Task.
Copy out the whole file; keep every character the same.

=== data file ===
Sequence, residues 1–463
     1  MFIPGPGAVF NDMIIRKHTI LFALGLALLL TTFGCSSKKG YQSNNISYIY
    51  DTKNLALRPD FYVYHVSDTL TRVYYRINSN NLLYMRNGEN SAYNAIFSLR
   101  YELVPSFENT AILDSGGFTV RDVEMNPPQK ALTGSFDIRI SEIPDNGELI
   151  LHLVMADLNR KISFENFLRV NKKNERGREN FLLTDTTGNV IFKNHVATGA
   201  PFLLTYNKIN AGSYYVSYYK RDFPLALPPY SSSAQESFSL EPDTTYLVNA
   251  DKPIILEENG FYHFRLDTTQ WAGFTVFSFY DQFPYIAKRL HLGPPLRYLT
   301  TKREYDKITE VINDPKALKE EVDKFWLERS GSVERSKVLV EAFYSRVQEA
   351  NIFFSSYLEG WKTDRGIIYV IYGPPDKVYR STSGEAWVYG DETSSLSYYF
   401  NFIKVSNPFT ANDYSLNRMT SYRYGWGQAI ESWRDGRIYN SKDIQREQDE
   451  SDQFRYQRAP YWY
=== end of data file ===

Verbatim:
Sequence, residues 1–463
     1  MFIPGPGAVF NDMIIRKHTI LFALGLALLL TTFGCSSKKG YQSNNISYIY
    51  DTKNLALRPD FYVYHVSDTL TRVYYRINSN NLLYMRNGEN SAYNAIFSLR
   101  YELVPSFENT AILDSGGFTV RDVEMNPPQK ALTGSFDIRI SEIPDNGELI
   151  LHLVMADLNR KISFENFLRV NKKNERGREN FLLTDTTGNV IFKNHVATGA
   201  PFLLTYNKIN AGSYYVSYYK RDFPLALPPY SSSAQESFSL EPDTTYLVNA
   251  DKPIILEENG FYHFRLDTTQ WAGFTVFSFY DQFPYIAKRL HLGPPLRYLT
   301  TKREYDKITE VINDPKALKE EVDKFWLERS GSVERSKVLV EAFYSRVQEA
   351  NIFFSSYLEG WKTDRGIIYV IYGPPDKVYR STSGEAWVYG DETSSLSYYF
   401  NFIKVSNPFT ANDYSLNRMT SYRYGWGQAI ESWRDGRIYN SKDIQREQDE
   451  SDQFRYQRAP YWY